Power utility Eskom has announced there will be no load shedding in the Western Cape this week. The Stage 4 load shedding that was implemented last week is attributed to a constraint in diesel supply, as well as poor performance at power generation plants, including the new Medupi and Kusile plants.
No load shedding took place over the weekend.
Speaking to IOL, Andrew Etzinger, the acting group executive for power generation at Eskom, said the power utility made it clear in December 2018 that the maintenance being carried out could take up to 18 months to complete. He added that the problems being faced would also not be resolved in a short period of time.
According to Etzinger, the power utility had attended to plant-related problems last December, but these measures have proved not to have been enough. Coal stockpiles levels have been raised to last for the next 30 days, but this does not mitigate the threat of load shedding.
“My focus, for now, is to get generators back online as soon as possible,” Etzinger said.
He also said a team of internal maintenance engineers is busy attending to the problem, but that there is a gap in the skill set of the power utility.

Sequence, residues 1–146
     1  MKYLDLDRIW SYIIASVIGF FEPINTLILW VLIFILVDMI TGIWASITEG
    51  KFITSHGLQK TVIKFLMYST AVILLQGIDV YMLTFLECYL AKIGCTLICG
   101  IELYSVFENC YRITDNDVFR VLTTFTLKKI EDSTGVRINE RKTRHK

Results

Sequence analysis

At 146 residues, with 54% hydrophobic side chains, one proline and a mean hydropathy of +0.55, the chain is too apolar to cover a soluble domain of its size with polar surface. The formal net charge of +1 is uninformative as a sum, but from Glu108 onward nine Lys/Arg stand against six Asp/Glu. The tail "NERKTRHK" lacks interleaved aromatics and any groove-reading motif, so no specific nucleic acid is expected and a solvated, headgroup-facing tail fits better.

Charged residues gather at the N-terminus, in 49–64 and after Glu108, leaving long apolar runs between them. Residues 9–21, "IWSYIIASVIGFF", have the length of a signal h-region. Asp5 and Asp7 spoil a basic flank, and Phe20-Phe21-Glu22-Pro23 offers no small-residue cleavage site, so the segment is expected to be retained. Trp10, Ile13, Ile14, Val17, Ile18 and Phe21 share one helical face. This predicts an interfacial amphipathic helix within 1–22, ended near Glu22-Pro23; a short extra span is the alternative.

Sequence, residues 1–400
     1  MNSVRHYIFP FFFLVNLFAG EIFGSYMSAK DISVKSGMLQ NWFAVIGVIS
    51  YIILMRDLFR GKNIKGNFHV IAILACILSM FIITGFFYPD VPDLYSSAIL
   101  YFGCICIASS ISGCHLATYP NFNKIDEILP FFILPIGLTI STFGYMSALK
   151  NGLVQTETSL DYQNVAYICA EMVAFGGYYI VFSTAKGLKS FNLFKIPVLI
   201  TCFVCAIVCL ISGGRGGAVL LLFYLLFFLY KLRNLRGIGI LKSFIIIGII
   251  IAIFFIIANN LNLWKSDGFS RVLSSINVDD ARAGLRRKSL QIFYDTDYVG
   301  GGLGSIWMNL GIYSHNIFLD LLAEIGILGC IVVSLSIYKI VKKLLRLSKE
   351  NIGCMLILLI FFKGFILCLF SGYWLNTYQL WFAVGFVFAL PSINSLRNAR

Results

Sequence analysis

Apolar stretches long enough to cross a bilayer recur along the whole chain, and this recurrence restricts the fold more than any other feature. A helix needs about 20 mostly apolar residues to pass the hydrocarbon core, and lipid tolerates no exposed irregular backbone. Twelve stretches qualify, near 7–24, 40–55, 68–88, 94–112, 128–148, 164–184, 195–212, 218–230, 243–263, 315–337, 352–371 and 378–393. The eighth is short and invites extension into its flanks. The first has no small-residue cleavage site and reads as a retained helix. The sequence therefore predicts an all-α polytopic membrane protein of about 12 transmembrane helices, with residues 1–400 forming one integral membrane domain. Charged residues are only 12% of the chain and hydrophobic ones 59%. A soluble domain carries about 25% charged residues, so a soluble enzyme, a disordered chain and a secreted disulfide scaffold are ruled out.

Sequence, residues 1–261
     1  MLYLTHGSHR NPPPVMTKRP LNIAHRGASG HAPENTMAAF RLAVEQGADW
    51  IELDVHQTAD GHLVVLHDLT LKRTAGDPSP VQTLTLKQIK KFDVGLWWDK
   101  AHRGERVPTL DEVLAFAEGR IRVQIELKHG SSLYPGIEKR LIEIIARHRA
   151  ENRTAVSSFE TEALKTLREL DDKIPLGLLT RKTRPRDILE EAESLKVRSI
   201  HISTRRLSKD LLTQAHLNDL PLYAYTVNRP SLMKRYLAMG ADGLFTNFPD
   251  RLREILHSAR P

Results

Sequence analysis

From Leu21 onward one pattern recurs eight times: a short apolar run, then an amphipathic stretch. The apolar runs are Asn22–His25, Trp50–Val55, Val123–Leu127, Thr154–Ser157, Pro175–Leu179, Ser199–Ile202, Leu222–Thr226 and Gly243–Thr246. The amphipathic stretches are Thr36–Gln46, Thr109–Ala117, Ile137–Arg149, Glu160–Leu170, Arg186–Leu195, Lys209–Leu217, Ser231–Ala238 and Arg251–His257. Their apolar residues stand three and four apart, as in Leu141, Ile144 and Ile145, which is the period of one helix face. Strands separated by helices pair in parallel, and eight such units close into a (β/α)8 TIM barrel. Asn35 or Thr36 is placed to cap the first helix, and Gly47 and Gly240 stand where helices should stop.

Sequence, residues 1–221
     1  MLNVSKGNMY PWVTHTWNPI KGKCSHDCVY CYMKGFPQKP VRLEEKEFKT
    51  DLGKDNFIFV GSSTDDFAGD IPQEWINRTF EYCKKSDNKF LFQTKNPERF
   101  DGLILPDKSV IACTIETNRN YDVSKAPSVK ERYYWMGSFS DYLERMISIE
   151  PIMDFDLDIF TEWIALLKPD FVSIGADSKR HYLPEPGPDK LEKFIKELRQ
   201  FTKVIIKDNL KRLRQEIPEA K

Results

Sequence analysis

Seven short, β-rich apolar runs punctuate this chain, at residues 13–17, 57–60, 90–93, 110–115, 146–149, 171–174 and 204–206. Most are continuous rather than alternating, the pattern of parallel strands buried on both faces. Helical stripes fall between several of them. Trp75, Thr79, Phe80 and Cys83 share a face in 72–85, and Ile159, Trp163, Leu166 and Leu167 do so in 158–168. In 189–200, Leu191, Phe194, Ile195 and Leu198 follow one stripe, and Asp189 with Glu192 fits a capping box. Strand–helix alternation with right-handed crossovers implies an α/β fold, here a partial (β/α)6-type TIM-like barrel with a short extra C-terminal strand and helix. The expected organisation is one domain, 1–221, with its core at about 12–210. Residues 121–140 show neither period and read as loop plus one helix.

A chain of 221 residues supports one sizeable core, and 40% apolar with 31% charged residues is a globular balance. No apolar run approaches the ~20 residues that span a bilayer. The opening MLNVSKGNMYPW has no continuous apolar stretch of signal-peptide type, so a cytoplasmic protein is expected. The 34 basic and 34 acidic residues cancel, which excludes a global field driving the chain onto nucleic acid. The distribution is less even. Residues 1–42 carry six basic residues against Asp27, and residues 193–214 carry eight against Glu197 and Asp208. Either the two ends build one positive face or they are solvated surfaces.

The Western Cape Department of Economic Department is yet to calculate the fiscal impact of load shedding on the economy, but it has placed the province in a “vulnerable position”.
“Some figures suggest a cost per month to the South African economy of between R20-billion and R80-billion. The cost to the Western Cape, therefore, is between R3-billion and R12-billion per month, of multiple days of load shedding,” MEC for Economic Development, Beverly Schäfer said. “There are also other additional costs on our economy, like the potential loss of investment as investors look to invest where there is energy security. We’ve also seen in recent days the impact of load shedding on the rand, which has a further economic impact.”
“The economy cannot be allowed to fail and we must make it easier for Eskom to succeed,” Schäfer added.